In each of us there is an essence that is real. The rest is just an accumulation of life over time that has been caked on top of the real, what some have called the true self. All religious traditions have found their own way of saying that life is about returning to that essence that is real. The challenge is that the job in front of us is neither obvious nor easy.
The job becomes even more difficult in times of crisis. We want to jump into action, solve the problem, and get on with life. When the problem is invisible to the naked eye and the solution elusive, we become afraid. When we become afraid, we tend to move toward anger pretty quickly. It’s natural, you might even say it’s an instinctive preparation for a fight – and there can be little doubt that right now the world is in a fight.
One of the problems with fighting is that we tend to put on armor in preparation for that fight. Some of that armor is physical, but a lot of it is psychological. As we gird our loins, literally and metaphorically, we move away from our true selves more and more. When it is done, we may not even recognize ourselves. When this is true, we become a casualty of the fight, no matter who won.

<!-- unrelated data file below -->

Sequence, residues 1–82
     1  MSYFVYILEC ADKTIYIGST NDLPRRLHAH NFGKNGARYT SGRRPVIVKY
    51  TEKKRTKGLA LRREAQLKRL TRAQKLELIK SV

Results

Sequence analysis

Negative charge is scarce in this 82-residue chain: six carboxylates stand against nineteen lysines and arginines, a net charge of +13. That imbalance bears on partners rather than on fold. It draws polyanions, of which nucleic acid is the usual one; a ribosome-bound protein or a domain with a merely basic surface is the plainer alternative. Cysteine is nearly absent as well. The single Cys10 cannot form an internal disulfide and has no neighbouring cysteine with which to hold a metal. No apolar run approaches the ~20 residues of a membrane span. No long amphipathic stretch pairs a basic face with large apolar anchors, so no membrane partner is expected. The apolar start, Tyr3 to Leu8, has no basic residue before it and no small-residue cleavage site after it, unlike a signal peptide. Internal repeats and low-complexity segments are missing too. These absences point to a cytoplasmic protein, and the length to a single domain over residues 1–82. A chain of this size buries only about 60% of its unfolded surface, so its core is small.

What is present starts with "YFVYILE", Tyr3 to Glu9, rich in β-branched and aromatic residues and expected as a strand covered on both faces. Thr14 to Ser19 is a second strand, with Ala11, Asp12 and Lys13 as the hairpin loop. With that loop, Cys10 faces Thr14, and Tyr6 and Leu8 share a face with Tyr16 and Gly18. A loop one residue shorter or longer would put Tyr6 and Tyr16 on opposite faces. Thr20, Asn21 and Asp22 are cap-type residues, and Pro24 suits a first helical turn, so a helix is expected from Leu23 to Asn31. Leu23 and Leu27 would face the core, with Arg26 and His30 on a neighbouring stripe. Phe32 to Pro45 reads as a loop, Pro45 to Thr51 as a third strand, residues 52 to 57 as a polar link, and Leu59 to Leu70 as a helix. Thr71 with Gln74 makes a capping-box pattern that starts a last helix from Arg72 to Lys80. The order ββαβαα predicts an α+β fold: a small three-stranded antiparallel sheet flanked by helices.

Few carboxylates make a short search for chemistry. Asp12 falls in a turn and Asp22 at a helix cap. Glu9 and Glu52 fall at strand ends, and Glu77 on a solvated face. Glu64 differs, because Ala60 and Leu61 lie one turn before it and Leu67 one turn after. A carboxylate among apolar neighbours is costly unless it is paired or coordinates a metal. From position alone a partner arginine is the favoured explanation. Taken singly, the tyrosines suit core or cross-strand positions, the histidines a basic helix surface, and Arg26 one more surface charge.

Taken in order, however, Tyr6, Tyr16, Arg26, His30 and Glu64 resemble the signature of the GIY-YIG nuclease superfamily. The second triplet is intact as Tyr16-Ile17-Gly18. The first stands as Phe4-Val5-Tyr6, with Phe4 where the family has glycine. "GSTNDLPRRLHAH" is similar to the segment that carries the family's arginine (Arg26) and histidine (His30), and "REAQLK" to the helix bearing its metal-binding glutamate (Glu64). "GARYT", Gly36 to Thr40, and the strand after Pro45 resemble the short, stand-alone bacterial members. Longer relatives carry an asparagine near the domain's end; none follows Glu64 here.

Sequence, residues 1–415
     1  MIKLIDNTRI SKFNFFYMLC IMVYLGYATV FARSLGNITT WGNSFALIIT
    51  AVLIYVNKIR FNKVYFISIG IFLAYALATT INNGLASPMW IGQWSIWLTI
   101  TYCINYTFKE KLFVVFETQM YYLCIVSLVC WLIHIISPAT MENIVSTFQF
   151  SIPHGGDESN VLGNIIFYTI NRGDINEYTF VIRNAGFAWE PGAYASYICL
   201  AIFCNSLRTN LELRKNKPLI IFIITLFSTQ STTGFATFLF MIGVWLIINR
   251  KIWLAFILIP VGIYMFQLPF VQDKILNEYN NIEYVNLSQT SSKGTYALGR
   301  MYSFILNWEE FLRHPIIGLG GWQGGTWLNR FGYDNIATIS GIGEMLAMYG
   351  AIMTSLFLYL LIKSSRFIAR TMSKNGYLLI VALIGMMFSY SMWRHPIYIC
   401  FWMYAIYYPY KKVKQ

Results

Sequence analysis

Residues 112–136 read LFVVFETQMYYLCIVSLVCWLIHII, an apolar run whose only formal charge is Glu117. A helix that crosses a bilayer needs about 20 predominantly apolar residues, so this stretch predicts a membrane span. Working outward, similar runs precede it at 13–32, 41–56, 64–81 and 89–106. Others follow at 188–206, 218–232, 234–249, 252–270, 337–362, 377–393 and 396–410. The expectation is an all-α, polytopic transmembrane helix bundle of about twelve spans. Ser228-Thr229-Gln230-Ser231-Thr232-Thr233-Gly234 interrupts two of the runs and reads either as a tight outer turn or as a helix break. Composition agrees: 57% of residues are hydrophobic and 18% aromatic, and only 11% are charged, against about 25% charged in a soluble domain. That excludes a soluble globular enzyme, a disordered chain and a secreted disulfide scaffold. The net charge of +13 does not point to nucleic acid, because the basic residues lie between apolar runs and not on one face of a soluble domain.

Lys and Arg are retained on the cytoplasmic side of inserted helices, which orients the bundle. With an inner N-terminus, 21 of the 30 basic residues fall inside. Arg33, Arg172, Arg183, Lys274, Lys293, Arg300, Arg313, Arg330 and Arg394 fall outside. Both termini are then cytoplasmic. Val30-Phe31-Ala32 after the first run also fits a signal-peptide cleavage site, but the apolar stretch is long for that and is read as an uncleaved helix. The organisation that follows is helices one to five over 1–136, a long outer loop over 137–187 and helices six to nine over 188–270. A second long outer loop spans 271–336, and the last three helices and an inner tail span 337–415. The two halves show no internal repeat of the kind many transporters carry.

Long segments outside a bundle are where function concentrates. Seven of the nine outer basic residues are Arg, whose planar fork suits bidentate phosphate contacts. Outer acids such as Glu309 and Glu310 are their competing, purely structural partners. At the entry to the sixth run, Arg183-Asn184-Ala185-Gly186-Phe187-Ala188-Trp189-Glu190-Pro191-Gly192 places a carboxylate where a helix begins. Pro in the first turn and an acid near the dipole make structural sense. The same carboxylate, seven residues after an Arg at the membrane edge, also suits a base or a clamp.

During these times of crisis, it is important to be intentional about remaining connected with our true self. If possible, spend some time each day outside – even if it’s just on your porch. Listen to the wind, feel it on your face, and if you’re lucky enough to live in a place where it’s warm enough take your shoes off and feel the ground under your feet. No matter where you live, you can sit in a chair with your feet on the floor and your arms in a comfortable position and take three deep breaths. Repeat as needed. Your true self is what endures. All the rest will pass away.